The Markel home has been free of traditional pay TV for about a year-and-a-half now, and we’re hoping not to go back anytime soon. Historically, we have bounced between having it and not having it, but I’m hoping that we’re at least close to done with it now.

We have some basic family desires for paid TV service. They are:

  • Baseball. ((The Cardinals.))
  • Hockey. ((The Red Wings, and increasingly the Blues.))
  • The Olympics when they come around.
  • A couple of shows here and there. ((Right now, this is mostly Castle.))
  • Access in both rooms where we have TVs.

Right now, we’re able to manage all of this. I wanted to take a bit and break this down to show what we are paying, why we’re using each service, and show some of the frustrations with cutting the cord and dealing with new ways of watching content that are still constrained by antiquated business practices.

Pricing Pay TV

Point to make first: I do not care about home phone service. I am not interested in home phone service. Triple Play bundles are stupid and I do not want them.

OK, so to get the service for two televisions in my home (assuming that DVR service and HD are necessary), here’s what I need to spend with Charter, who is my internet provider:

  • $19.99/mo for DVR service
  • $13.98/mo for the second set top box
  • $59.99/mo for the actual channel package, that covers the things listed above

So to get what I want, I’m paying $93.96/mo, and I’m pretty sure that price is a promo for twelve months. The total cost for a year would be $1,127.52, and I would guess there will be taxes and franchise fees and whatnot adding to that as well.


I try to cover the above bases with a set of streaming services. It’s not perfect yet, but it’s getting there. Here’s what we’re using:

  • $5/mo for Unblock Us, which is a service that allows me to evade geolocation blocks on content by using their DNS network. This solves the problem of blackouts on sports streaming sources and gives me access to things like BBC streams, which enables me to watch things like Olympics coverage.
  • $129.99/yr for, which when combined with the aforementioned blackout dodging allows me to watch every baseball game of the season.
  • $149.99/yr for NHL GameCenter, giving me access to hockey (blackouts nonsense applies as well).
  • $7.99/mo for Hulu Plus, which covers the ABC and Fox shows I’m interested in, with some added bonus stuff, like the best available streaming library of classic Doctor Who and some other British oddities that they bring over.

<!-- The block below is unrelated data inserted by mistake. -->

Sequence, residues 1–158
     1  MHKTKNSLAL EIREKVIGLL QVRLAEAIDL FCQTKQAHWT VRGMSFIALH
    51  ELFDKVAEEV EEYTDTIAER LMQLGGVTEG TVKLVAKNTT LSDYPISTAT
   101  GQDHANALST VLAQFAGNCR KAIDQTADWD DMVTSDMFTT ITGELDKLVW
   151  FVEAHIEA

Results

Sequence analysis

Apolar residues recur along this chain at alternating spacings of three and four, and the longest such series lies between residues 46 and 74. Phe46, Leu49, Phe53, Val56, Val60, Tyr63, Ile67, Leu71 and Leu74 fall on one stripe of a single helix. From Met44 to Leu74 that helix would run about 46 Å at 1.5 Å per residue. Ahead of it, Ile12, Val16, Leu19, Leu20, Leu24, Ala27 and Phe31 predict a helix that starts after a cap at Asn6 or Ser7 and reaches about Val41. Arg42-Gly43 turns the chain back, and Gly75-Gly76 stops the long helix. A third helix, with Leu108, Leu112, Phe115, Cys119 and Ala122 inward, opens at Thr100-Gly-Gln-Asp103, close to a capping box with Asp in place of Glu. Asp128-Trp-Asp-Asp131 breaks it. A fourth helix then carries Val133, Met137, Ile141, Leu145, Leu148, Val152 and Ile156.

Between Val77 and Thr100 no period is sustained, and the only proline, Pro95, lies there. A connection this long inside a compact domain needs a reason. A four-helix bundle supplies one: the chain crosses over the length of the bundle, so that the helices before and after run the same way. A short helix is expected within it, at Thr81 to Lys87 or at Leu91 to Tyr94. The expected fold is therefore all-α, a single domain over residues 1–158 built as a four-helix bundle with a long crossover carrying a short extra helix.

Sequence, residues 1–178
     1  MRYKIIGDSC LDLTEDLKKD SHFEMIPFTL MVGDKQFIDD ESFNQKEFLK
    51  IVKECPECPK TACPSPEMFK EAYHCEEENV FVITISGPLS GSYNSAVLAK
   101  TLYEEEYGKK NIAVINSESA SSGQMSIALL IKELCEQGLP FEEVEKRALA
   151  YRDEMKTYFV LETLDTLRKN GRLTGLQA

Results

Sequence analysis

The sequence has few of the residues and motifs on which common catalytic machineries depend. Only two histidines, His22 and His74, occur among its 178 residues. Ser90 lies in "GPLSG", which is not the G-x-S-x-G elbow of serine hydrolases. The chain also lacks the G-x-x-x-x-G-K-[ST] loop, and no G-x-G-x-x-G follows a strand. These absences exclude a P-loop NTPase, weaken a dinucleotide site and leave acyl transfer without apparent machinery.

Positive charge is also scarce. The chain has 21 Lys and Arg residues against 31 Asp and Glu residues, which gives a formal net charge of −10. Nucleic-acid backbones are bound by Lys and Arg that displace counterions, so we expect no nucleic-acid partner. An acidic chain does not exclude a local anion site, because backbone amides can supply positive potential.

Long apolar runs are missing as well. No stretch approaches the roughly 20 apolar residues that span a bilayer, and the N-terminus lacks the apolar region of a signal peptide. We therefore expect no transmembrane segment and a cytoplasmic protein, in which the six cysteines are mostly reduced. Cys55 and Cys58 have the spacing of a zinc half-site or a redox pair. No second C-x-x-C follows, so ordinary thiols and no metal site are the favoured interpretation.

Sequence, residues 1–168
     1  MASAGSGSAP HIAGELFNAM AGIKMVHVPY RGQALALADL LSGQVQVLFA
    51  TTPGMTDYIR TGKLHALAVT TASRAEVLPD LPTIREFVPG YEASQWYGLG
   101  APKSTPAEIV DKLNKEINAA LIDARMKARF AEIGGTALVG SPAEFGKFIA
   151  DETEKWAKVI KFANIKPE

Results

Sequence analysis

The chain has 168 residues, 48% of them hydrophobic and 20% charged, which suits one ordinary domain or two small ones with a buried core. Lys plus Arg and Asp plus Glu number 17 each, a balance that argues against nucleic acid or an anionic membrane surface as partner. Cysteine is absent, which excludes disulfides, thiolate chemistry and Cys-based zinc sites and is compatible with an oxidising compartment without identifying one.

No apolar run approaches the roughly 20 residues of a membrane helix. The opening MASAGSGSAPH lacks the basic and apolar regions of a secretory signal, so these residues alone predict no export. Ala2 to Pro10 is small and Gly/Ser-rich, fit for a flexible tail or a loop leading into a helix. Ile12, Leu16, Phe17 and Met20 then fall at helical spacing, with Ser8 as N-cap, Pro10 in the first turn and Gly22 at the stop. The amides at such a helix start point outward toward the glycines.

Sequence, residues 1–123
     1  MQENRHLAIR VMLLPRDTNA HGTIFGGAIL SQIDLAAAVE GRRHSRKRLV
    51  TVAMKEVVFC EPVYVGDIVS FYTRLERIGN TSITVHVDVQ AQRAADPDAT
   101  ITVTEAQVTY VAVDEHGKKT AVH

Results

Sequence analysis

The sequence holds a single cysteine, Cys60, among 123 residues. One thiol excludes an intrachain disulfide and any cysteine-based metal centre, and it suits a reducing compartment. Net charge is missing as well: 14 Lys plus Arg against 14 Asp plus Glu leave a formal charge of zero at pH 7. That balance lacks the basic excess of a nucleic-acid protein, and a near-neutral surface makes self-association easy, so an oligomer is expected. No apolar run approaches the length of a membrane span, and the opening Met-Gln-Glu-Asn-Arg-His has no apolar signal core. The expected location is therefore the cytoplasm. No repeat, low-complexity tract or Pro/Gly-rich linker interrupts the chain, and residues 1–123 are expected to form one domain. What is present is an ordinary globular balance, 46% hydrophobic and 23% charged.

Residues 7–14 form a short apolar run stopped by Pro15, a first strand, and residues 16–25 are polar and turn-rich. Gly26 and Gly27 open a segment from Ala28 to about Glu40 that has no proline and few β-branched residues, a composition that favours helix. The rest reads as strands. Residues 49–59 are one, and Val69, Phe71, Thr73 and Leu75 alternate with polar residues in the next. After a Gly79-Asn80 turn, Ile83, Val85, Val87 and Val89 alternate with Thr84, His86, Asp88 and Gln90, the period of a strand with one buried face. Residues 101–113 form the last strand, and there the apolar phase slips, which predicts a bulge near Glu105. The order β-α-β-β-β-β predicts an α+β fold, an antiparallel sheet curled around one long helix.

• $7.99/mo for Netflix, which we hadn’t had for around a year until last week, when they made their announcement regarding Star Wars: The Clone Wars. Netflix also has a few TV shows that aren’t covered by Hulu.
  • $59.99/mo semi-annually for (at least for six months) the WWE Network, which I’m choosing to support because they are actually trying to disrupt the existing pay TV model by pricing themselves in direct competition with cable providers for PPVs. Their streaming offering is also being assisted technologically by MLB Advanced Media, which is a weird but very interesting alignment. ((I hope to say more about the WWE Network in a later post, but it’s a very interesting offering.))
  • Absolutely nothing for the aerial antenna I have in my attic, which gives me OTA HD for my local networks. This covers news and weather.

My grand total for this setup is $651.72 per year, which is still a decent chunk of change but around half what I would be paying for traditional pay TV through Charter, and has the added bonus of putting more things in an on-demand relationship rather than needing to manage DVR space, which is almost always a fruitless effort.

Most devices that are out there can manage these streams, but admittedly, I have to do some gymnastics to get everything where I want it. Let’s talk about actually watching these things.


I have two televisions in my house: one in the main family room and another upstairs in our bedroom. The device layout is as such:

  • Family room
    • Apple TV
    • Mac mini
    • Xbox 360
    • Xbox One
    • PlayStation 3 (currently unhooked)
    • PlayStation 4 (currently unhooked)
  • Bedroom
    • Apple TV
    • Xbox 360
    • PlayStation 3